As always, let me remind you of my guidelines when it comes to this list. I am not presenting them as “great” books, or the “best of the year”. That’s not how I approach my reading. I love stories, and I love reading. After decades of reading and writing, my understanding of what makes good writing and a good story has been honed. But it remains my personal judgment. I prefer great storytelling to “great writing”. When the way an author writes gets in the way of what they are writing about, you lose me. Books like that may receive critical acclaim but they won’t score highly here. This list is of the books that stuck with me after I read them.

I read/reviewed around thirty books this year. Here are the Top Nine:

  • The Djinn Falls In Love by Various Authors (2017) – In my personal “Year of the Short Story”, it’s not surprising that four of the list are short story collections. This one was listed as one of the best collections of 2017. It offers a different look at the cultural icon of the djinn, what most of us think of as “genies”. Written from a different cultural point of view than most readers know, the stories are amazing.

  • Flappers and Philosophers by F. Scott Fitzgerald (1920)– The only author to make the list twice. My experience of Fitzgerald was zero prior to this year. I’d never read anything. Last Christmas I was given a huge anthology of American short stories which included “A Diamond As Big As The Ritz”. Which I hated! A kind of science fiction thing with strong racist overtones, it didn’t do a thing for me. But F. Scott Fitzgerald is F. Scott Fitzgerald. So I tried again. This collection turned me around. Some brilliant wordsmithing in service to the storytelling. That led me to read…

  • The Great Gatsby by F. Scott Fitzgerald (1925) – The first reaction from most people is “How have you never read this before?” I can’t explain it. I don’t remember it ever being required reading for me. After loving the short stories so much, I decided it was time to read his best-known work. It was every bit as stunning as promised. That he could bring such depth to characters who are so shallow is the work of genius.

  • The Power by Naomi Alderman (2016) – Another Christmas present book. The story of the cultural changes when women receive a great physical power that changes the relationship between the male and female of our species. This is an “I couldn’t stop reading” kind of book. Loved the story, loved the writing.

  • Male of the Species by Alex Mindt (2011) – Third of the short story collections on the list. Recommended by my writer/editor child, I didn’t know Mindt’s writing at all. These are stories of men and boys and fathers and sons. The quality of the collection has moved him firmly onto the “Must Find More” list.

  • Too Like the Lightning by Ada Palmer (2016) – The first of a series, I suppose you might call this a post-apocalyptic novel. The world as we know it is gone, replaced by a new system of worldwide clans and laws. The punishment for the worst crimes has changed as well. These criminals must serve society, owning nothing but what is given to them by the people they serve. It is a punishment to serves justice and offers a level of punishment that makes our current system look comfortable. In the middle of this comes a special boy with what may be very special powers. One of two books where the author took me someplace unknown, unexpected and utterly amazing.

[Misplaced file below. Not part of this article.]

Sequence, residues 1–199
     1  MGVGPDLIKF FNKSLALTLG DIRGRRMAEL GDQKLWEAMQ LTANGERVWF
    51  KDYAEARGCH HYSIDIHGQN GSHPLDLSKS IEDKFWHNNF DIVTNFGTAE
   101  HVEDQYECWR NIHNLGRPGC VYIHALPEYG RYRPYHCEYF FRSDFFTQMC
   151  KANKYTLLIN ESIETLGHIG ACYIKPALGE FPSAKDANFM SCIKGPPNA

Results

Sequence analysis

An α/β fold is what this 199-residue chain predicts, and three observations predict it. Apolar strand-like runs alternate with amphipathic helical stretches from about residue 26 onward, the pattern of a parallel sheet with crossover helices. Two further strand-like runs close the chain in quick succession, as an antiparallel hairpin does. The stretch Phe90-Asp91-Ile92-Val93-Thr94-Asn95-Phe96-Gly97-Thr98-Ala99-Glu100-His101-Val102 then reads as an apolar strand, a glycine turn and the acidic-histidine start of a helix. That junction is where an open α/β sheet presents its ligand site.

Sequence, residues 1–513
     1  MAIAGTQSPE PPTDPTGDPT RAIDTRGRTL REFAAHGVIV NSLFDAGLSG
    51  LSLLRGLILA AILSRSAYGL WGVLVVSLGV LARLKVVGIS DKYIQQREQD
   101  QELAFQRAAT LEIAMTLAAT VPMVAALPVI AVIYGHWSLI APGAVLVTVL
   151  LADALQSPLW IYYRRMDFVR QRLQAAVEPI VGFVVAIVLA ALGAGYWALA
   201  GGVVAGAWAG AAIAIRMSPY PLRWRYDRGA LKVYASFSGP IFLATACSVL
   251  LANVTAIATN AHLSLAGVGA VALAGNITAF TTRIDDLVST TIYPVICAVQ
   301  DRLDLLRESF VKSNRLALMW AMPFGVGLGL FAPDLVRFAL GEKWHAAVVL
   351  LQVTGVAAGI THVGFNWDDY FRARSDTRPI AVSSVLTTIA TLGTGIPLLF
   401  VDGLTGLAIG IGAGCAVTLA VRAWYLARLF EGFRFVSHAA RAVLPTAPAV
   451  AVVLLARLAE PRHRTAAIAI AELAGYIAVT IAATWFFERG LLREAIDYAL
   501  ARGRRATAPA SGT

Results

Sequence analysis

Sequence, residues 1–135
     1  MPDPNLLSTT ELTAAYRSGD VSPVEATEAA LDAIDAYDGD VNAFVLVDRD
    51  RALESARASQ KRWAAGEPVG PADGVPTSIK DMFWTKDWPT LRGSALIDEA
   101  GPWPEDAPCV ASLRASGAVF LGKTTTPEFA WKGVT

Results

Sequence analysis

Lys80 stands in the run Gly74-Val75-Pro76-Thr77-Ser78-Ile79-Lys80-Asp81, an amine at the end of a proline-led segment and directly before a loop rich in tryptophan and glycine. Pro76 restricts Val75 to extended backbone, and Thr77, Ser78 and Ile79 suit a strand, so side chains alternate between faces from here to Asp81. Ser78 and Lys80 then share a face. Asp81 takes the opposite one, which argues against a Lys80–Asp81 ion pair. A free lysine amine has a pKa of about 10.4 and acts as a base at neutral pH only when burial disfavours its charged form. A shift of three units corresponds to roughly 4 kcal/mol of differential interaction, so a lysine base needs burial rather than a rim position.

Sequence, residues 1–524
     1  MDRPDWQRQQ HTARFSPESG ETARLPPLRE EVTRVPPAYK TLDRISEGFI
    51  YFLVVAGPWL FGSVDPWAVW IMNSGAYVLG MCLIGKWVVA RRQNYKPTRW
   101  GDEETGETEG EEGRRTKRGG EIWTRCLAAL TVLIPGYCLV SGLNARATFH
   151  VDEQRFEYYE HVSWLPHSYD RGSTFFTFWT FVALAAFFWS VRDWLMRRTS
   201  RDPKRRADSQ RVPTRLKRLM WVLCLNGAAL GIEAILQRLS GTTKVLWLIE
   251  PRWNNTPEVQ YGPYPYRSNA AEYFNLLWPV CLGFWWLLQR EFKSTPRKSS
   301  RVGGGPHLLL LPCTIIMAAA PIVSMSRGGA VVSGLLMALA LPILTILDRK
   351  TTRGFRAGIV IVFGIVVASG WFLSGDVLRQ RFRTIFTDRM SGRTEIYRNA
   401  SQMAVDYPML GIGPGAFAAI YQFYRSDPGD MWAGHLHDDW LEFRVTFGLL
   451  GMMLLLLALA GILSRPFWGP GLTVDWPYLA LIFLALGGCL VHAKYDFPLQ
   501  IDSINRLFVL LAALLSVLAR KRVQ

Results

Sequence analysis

• Seven Icelandic Short Stories by Various Authors (1950s?) – This collection was put together in the 1950s by the Icelandic government to highlight great writing going back to the earliest days of their culture. The stories begin in a different writing tradition and take the reader to some very different places. This selection was a total flyer. I was looking for something different for the Year of the Short Story, something unlike anything I’d ever tried before. The collection was all that I hoped for and more.

  • The Left Hand of Darkness by Ursula K. LeGuinn – Another author that I had little to no experience with, despite their reputation. I have read in the science fiction and fantasy genres for decades but I don’t think I’ve read anything by LeGuinn. Here she creates a human species that has adapted to its environment on another world. The adaptation is an ability to shift their physical gender between male, female and a neutral form. A human from the mainstream of the species finds himself trapped on the world and in an increasingly complicated relationship with one of the natives. The story is fascinating, complicated and legendary in the genre.

  • The 7 ½ Deaths of Evelyn Hardcastle by Stuart Turton (2018) – A first novel and the book I have recommended most often to fellow readers this year. The book is part mystery, part horror, part science fiction and endlessly fascinating. The main character finds themselves jumping from body to body in the mystery, trying to determine why and how Evelyn Hardcastle is killed. As the mystery slowly unwinds, more questions are added. Still, the book that I am most excited about reading this year.

There were lots of other great books on my reading list this year. Looks like 2019 is already shaping up as another great year.

Agree? Disagree? Want to make a comment or a suggestion? Put it in the comments!

Peace,

JD